Over the past three years I've told you about virgin female sharks that have been giving birth to seemingly healthy pups. This was documented in 2007 and then again in 2008.
(A bonnethead shark, born in a virgin birth, is shown swimming. Analysis of the shark confirmed it had no father.
Research also confirmed it carried only half the genes of its mother. Image credit: Lee G. Simmons)
Now a new study, published in the Journal of Heredity, concludes that sharks born to virgin mothers can survive over the long-term. Two daughters of a white-spotted bamboo shark virgin, for example, are now over five years old.
Scientists are still puzzled by this phenomenon, so Kevin Feldheim, manager of the Pritzker Laboratory for Molecular Systematics and Evolution at the Field Museum, also studied the shark sisters' genetic material to ensure that daddy wasn't just absent from their records, but that he never existed in the first place.
"Examination of highly variable sections of the genome prove that these young sharks had no father," Feldheim said. "These findings are remarkable because they tell us that some female sharks can produce litters of offspring without ever having mated with a male."
"We compared several sections of the genome between two of the young sharks and their mother," he added. "It turned out that all the genetic material in each of the young ones came from the mother, proving there was no father."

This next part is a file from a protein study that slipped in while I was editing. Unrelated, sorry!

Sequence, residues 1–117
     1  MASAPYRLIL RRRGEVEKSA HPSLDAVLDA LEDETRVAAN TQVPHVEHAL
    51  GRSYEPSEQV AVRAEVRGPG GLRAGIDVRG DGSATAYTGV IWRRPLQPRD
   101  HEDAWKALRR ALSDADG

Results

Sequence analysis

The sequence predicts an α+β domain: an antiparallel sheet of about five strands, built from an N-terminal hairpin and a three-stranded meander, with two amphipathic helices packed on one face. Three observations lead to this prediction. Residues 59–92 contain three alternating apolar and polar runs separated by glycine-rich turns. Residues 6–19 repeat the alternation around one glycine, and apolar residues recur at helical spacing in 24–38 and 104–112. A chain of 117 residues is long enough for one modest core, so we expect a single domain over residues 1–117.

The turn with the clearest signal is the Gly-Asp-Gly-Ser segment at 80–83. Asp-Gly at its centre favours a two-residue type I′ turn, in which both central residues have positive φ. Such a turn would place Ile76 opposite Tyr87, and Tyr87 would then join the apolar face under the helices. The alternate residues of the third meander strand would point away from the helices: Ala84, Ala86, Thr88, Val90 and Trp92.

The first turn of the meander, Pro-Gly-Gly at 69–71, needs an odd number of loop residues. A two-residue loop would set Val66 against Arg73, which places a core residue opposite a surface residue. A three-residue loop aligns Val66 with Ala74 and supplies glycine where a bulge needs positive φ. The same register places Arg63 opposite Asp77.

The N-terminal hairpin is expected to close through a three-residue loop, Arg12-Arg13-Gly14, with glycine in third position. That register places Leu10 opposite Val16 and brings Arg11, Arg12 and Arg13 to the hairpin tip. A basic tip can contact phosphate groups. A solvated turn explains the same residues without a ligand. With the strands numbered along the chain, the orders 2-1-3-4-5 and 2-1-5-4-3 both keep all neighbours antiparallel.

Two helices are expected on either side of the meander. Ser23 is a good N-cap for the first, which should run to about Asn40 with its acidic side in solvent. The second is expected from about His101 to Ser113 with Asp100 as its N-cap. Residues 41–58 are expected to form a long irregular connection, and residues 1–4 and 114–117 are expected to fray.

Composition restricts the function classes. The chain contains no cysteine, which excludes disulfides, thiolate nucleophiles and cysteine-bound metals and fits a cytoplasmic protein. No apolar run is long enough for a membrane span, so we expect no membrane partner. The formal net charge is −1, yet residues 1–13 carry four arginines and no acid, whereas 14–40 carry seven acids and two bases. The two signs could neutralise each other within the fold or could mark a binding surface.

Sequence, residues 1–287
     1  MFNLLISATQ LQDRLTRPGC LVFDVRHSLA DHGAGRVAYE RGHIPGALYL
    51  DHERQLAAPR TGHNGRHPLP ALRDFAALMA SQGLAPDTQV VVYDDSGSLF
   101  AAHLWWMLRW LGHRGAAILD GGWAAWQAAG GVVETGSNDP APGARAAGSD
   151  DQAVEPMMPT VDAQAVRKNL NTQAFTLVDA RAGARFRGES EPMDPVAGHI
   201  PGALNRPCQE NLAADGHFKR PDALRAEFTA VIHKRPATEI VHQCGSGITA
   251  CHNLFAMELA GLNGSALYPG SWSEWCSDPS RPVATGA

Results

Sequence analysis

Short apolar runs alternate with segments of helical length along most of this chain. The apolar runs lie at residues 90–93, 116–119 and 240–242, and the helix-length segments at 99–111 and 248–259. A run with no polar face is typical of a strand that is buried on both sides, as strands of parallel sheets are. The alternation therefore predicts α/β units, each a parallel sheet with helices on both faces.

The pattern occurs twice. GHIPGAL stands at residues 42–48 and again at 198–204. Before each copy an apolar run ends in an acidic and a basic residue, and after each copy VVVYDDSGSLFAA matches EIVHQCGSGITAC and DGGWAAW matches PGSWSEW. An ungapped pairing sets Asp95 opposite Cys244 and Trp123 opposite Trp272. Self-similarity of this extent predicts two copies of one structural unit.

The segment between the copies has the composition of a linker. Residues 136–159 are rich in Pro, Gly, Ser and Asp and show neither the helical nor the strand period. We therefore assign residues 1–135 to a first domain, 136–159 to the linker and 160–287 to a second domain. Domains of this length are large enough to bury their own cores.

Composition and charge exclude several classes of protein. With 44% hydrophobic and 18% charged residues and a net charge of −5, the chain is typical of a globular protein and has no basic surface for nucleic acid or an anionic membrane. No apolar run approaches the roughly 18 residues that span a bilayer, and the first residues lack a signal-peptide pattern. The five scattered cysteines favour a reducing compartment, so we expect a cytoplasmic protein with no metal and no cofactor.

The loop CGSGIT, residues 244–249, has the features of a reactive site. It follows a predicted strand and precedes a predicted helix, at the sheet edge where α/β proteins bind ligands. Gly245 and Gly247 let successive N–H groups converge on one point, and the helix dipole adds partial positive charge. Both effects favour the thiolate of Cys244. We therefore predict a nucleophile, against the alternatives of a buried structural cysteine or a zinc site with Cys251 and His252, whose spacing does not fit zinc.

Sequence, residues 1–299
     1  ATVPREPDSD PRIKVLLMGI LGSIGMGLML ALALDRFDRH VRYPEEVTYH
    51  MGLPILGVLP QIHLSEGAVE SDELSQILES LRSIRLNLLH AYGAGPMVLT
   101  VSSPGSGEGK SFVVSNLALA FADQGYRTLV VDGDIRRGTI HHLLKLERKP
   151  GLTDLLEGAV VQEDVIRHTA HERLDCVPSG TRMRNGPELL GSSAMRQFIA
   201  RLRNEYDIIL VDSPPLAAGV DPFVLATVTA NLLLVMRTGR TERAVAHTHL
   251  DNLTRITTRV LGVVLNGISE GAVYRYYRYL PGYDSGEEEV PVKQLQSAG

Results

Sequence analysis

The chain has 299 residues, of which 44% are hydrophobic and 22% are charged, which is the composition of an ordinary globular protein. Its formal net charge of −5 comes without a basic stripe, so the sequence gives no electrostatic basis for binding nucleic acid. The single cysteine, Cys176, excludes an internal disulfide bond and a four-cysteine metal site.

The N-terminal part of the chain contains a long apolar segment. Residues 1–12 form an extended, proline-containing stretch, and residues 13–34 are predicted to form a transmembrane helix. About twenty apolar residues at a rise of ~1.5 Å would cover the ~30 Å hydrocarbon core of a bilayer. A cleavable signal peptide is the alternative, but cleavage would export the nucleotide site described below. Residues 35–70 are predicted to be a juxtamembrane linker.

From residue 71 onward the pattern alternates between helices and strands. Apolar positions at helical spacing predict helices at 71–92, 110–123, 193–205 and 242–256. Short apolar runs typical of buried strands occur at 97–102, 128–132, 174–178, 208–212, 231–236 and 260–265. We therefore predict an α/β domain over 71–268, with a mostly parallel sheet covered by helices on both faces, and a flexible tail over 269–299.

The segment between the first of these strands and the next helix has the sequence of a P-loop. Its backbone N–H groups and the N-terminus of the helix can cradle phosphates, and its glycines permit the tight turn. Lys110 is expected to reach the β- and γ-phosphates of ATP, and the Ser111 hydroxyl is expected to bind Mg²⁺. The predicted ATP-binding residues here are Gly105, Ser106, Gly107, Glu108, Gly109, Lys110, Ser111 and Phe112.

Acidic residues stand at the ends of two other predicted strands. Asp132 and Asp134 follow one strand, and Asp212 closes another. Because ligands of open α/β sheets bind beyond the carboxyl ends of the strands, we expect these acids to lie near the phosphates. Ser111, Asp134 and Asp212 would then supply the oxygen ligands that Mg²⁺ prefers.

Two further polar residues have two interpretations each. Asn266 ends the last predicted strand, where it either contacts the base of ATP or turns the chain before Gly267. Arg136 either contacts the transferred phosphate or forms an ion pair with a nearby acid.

Although the shark mother was kept in a tank at the Belle Isle Aquarium in Detroit where only another female of a different but related species resided, genetic testing was needed to rule out the possibility that the female shark could have encountered male sperm earlier in her life.
Another DNA study performed by Queen's University, Belfast, scientists, found that the virgin offspring didn't share all of their mother's genes. Feldheim instead calls the sharks "half-clones."
Virgin birth, known as parthenogenesis, happens when an egg or ovum fuses with a cell called a sister polar body, a byproduct of ova production, rather than with male sperm, to promote cell division. According to Demian Chapman of the Institute for Ocean Conservation Science at Stony Brook University, co-author of the current study, the sister polar body is nearly genetically identical to the ovum.
He now believes, "parthenogenesis may not be as much of a dead-end mode of reproduction as we thought for these sharks."
Douglas Sweet, who formerly worked at the Detroit aquarium and is now superintendent of the London State Fish Hatchery in London, Ohio, agrees with the new findings. He theorizes that virgin births first happened in isolated, non-captive female sharks, as a way to keep the population going even when mating wasn't possible.
"Sharks have been around for hundreds of millions of years," Sweet said. "I suspect they have some pretty interesting survival strategies that we are only now becoming aware of."